The risks of harm to nonhuman primates, and the absence of benefits for them, are critically important to decisions about nonhuman primate research. Current guidelines for review and practice tend to be permissive for nonhuman primate research as long as minimal welfare requirements are fulfilled and human medical advances are anticipated. This situation is substantially different from human research, in which risks of harms to the individual subject are typically reduced to the extent feasible. A risk threshold is needed for the justification of research on nonhuman primates, comparable to the way risk thresholds are set for vulnerable human subjects who cannot provide informed consent. Much of the laboratory research conducted today has inadequate standards, leading to common physical, psychological, and social harms.
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Increasingly, research suggests that highly social mammals, including primates, have psychological and behavioral systems that detect and respond to inequity and even perceived social injustice [5, 6]. This suggests more substantive overlap than is generally assumed between human and nonhuman primate perceptions of ethical landscapes, and thus, calls for more homology in the impositions of ethical standards and moral justifications for their use. If some core perceptions of fairness and inequity overlap between human and other primates (even to a general extent), then those other primates should be granted minimally an awareness of social justice and recognition of their endangerment and potential harm by being the focus of human experimentation and manipulation.
For example, nonhuman primates have no political power; they cannot advocate for themselves. Legally, they are property; they can be bought and sold. Nonhuman primates are easily trapped, restrained, and transported by physical force. In captive and some field settings, nonhuman primates are in totally dependent relationships with humans. For more on this topic, see [24, 25].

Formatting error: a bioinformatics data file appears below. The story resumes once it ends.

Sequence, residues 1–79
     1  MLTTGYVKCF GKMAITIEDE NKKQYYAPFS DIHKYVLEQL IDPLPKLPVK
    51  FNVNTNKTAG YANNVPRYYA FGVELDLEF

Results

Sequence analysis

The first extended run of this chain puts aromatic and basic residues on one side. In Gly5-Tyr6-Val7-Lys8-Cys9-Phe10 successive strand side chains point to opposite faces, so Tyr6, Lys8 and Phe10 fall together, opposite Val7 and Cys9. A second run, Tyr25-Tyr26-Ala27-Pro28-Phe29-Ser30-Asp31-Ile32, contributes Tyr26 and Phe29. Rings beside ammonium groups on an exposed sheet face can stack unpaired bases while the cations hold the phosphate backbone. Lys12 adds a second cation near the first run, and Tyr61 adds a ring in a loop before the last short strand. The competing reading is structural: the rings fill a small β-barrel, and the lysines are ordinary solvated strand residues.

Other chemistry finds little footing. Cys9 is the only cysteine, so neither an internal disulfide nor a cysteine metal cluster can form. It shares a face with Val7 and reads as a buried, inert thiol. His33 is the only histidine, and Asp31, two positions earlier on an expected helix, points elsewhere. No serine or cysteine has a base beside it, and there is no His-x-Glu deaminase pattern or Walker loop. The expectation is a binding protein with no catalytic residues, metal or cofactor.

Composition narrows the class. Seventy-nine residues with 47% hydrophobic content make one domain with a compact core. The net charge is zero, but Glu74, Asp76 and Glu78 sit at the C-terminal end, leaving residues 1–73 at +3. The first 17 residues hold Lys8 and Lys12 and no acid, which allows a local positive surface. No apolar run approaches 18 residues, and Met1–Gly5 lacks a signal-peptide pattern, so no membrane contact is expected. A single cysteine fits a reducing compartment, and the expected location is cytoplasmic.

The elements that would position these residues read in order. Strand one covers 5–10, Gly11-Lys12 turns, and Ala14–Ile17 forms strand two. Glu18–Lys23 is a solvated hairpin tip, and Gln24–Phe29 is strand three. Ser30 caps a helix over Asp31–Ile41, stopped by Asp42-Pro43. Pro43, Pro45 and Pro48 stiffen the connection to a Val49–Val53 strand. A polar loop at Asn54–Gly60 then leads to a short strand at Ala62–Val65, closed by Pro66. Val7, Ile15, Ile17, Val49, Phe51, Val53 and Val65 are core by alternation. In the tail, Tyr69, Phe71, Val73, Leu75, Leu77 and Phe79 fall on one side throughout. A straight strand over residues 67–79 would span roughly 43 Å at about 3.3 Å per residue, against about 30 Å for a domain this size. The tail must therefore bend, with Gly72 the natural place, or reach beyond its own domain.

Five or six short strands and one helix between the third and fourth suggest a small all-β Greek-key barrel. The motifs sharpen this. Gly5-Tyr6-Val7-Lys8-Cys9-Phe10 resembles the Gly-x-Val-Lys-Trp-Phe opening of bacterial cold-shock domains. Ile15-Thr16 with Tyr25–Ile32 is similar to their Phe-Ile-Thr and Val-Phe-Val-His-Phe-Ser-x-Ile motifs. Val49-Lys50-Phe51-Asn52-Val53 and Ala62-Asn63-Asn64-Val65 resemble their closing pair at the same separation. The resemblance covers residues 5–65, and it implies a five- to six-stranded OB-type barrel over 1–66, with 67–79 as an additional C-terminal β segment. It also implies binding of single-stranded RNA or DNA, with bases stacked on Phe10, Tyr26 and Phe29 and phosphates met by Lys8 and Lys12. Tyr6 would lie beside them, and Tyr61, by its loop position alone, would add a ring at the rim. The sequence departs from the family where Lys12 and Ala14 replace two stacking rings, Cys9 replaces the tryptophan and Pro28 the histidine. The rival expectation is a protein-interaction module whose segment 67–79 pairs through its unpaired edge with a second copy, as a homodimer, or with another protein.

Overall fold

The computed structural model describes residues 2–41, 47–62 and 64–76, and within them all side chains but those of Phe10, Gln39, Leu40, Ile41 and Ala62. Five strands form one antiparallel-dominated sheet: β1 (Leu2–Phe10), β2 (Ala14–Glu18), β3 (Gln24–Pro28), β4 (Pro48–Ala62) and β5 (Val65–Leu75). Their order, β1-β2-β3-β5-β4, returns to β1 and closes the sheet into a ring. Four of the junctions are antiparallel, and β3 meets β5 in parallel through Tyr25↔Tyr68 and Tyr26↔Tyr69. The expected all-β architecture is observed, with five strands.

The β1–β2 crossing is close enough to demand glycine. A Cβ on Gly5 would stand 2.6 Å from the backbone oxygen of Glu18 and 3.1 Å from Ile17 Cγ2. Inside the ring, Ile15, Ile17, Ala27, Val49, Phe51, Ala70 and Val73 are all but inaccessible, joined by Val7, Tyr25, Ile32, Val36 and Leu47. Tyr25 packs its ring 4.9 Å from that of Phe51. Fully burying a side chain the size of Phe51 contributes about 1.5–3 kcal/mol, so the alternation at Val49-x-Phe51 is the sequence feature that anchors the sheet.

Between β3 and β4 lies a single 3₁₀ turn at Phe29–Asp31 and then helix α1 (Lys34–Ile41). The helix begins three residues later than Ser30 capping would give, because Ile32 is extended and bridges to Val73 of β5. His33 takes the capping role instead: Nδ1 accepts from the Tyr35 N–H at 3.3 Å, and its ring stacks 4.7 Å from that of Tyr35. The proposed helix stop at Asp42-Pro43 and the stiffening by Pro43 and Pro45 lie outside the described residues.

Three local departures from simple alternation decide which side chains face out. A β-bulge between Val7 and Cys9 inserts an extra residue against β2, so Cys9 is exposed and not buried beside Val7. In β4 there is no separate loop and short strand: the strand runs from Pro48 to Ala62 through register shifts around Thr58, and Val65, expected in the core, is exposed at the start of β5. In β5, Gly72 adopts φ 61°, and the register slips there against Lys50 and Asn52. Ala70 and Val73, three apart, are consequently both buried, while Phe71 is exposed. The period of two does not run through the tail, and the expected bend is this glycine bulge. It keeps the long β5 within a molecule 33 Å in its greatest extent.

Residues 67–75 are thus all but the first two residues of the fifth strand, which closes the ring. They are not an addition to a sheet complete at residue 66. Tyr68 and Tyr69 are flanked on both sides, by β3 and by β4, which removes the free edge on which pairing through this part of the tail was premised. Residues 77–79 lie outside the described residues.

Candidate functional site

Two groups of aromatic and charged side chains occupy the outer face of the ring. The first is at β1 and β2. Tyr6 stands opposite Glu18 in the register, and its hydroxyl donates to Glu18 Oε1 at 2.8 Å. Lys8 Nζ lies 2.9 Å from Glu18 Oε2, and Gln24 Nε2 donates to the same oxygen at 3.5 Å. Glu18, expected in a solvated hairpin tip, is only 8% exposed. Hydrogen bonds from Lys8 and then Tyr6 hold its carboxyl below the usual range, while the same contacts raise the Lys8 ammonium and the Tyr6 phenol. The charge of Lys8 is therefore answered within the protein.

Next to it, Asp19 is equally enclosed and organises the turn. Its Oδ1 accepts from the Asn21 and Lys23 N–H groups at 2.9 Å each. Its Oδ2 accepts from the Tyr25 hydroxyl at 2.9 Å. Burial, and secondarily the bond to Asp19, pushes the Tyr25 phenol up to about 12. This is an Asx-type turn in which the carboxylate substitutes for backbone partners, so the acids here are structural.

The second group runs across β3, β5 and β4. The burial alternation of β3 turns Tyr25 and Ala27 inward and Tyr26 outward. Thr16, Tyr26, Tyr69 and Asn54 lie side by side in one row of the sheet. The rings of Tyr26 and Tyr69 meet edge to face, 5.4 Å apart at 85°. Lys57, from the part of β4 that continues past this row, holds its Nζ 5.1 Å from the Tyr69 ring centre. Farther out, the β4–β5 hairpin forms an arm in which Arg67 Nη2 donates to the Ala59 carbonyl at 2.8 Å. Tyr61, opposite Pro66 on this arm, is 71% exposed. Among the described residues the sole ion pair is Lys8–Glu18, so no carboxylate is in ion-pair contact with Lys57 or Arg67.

Although primate well-being might be a concern for some zoo caretakers and officials, the primary purpose of zoological parks is exhibition rather than promotion of animal well-being. Nonhuman animals used in zoo displays are often captured from the wild, confined, and exposed to harms associated with captivity and transport. Although there have been claims that zoos are agents of public education and species preservation, these claims have been challenged by Marino and colleagues; see .
There may be some instances in which interventions such as general anesthesia and sedation are beneficial to nonhuman primates. In these cases, benefits could exceed risks and provide justification for these types of interventions.
In the United States, euthanasia of chimpanzees is allowed only to alleviate suffering .
A 2003 survey encompassing almost 36,000 macaques in 22 U.S. primate laboratories found that 54% of animals used in research were singly caged . A nonexhaustive survey by USDA Animal Care field inspectors between October 2000 and August 2001 determined that 35% of surveyed animals kept in research facilities were single-housed . Between 2004 and 2006, at the National Primate Research Center in Seattle, Washington, 63% of monkeys were singly caged . Individual monkeys spend an average of more than 3 years alone . Other surveys indicate that macaques and baboons spend more than half of their lives caged alone .
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This material is based upon work supported by the National Science Foundation under Grant No. 1058186. Any opinion, findings, and conclusions or recommendations expressed in this article are those of the authors and do not necessarily reflect the views of the National Science Foundation. The authors thank Tom Beauchamp, John Gluck, and David Wendler for helpful comments on previous versions of this article.
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Ferdowsian, H., Fuentes, A. Harms and deprivation of benefits for nonhuman primates in research. Theor Med Bioeth 35, 143–156 (2014). https://doi.org/10.1007/s11017-014-9288-2